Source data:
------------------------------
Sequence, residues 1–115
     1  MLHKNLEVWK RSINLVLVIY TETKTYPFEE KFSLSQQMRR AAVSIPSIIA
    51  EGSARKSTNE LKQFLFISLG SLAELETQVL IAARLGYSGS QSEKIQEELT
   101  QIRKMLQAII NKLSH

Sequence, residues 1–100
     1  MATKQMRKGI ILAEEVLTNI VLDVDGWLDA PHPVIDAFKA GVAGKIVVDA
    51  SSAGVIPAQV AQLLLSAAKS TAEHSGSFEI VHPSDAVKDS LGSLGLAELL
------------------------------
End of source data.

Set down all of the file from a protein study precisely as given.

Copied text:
Sequence, residues 1–115
     1  MLHKNLEVWK RSINLVLVIY TETKTYPFEE KFSLSQQMRR AAVSIPSIIA
    51  EGSARKSTNE LKQFLFISLG SLAELETQVL IAARLGYSGS QSEKIQEELT
   101  QIRKMLQAII NKLSH

Sequence, residues 1–100
     1  MATKQMRKGI ILAEEVLTNI VLDVDGWLDA PHPVIDAFKA GVAGKIVVDA
    51  SSAGVIPAQV AQLLLSAAKS TAEHSGSFEI VHPSDAVKDS LGSLGLAELL